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By Paul Amery

Perhaps US securities market regulators could learn a thing or two by looking at Europe?

The network of interlinked securities trading exchanges in the US brought about by Regulation NMS (National Market System), passed in 2005 by the Securities and Exchange Commission, must be seen as a colossal design failure. This is the inescapable conclusion of Thursday’s mini-crash on Wall Street, when many shares saw their prices drop by 90%, even 99%, in less than a minute.

According to Ron Rowland, quoted on Seeking Alpha, 167 ETFs and ETNs in the US market (17% of all exchange-traded products traded that day) saw intraday price declines of more than 90%. As we covered on IndexUniverse.com on Friday, some funds were effectively wiped out completely: the Rydex S&P equal weight ETF (NYSEARCA:RSP) went from US$39 to US$0.0001 in the space of 32 seconds. That’s a 99.9998% decline, by the way.

For the time being, NYSE and Nasdaq appear to have weathered the storm by canceling all trades involving price moves of more than 60% from the consolidated last price at 14:40 EST on Thursday. The recovery in equity markets from Thursday’s intraday lows has probably also helped to keep investor confidence up.

If you were the bidder at US$0.0001 for RSP, your trade would therefore have been annulled under US exchanges’ rules, though your predicament probably wouldn’t elicit much sympathy.

More seriously, if you had owned RSP and had placed a stop loss order at, say, US$38, just below the market price of earlier that day, you might have found yourself selling at, for example, US$16, if that was the next market price at which a trade was transacted. Your stop-loss sale would have stood, since a US$16 trade wouldn’t have exceeded the 60% threshold: too bad for you, and a horrible reminder of the perils of stop-loss orders and “slippage” when markets “gap”. Your sense of injustice would then have increased when you saw RSP trading back up to US$41.25 at the close.

And, even if you were simply an owner of RSP in your pension plan, the afternoon’s events might well have been enough for you to decide that you’d had enough of equity investing. Who could blame you if you cashed in your ETF and reinvested the proceeds in gold coins, or cash under the bed?

When I look at the details of what happened on Thursday, I’m reminded above all of an interview with James Rickards, published in welling@weeden in March this year.

Rickards argues that it is a catastrophic mistake to increase the scale of complex systems without examining the possible implications for failure.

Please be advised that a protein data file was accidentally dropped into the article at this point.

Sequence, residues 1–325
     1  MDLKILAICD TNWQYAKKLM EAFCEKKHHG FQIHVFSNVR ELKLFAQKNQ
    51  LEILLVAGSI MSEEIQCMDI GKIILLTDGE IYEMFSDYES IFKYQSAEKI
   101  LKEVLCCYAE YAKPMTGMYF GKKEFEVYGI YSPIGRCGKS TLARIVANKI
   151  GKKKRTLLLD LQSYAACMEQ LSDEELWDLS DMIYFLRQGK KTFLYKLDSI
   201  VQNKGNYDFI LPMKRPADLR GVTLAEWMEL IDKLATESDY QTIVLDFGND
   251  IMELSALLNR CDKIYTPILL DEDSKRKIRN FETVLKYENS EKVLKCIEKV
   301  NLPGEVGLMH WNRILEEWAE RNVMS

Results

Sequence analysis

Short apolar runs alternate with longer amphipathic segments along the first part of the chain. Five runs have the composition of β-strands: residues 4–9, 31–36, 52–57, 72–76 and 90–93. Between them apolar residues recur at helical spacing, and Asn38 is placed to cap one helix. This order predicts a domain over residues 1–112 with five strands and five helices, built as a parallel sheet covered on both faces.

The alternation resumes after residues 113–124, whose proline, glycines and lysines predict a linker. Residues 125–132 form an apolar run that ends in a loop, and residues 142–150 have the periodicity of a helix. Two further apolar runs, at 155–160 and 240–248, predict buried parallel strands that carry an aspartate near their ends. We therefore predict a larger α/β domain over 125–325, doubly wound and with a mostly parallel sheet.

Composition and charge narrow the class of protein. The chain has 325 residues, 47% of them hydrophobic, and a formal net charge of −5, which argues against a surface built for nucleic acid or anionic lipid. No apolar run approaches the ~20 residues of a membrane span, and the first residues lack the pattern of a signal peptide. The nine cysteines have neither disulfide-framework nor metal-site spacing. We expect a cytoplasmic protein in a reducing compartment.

“When we integrate exchanges, erase borders, come up with global players and global positions and global strategies on a massive scale, we have increased the interconnectedness in a way that’s going to lead to greater and greater catastrophes, which is exactly what we’re seeing. People are very good at estimating the first order efficiencies, but they seem to be blind to the second order costs,” Rickards is quoted as saying. He produces several real-life examples, from circuit breakers in power grids to watertight bulkheads in ship design, to illustrate the importance of limiting scale in complex systems.

In other words, the much-vaunted benefits of increased speed and lower costs in US securities markets that have come about as the result of expanding the interconnectedness of trading systems may not have been worth it. First order benefits – cheaper, faster execution – may be of little value if the overall result has been to increase the likelihood of a blow-up in markets like we saw last Thursday. Put another way, does the promise of cheaper trading outweigh the risk to you, as an investor, of getting hit with the kind of stop-loss trade I mentioned above?

Worse, if the risk of such market failures has been permanently increased by changes to system design, the next collapse may be much more damaging, even impossible to recover from.

In Europe, largely due to accidents of history, markets, exchanges and settlement systems are still fragmented. Operating on a smaller scale doesn’t mean that trading problems can’t occur – several market makers told me that both Borsa Italiana and NYSE Euronext (NYSE:NYX) were struggling to manage order flows during yesterday’s sharp rally. But the fact that Europe’s trading systems are still largely independent of each other means that, first of all, problems in market A aren’t necessarily transmitted to market B and, second, market makers and traders probably still have somewhere else to turn if they need to lay off risks and the first market isn’t operating properly.

Maybe Europe’s much-criticised market fragmentation isn’t such a bad thing after all?

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Source: Is Fragmentation a Bad Thing?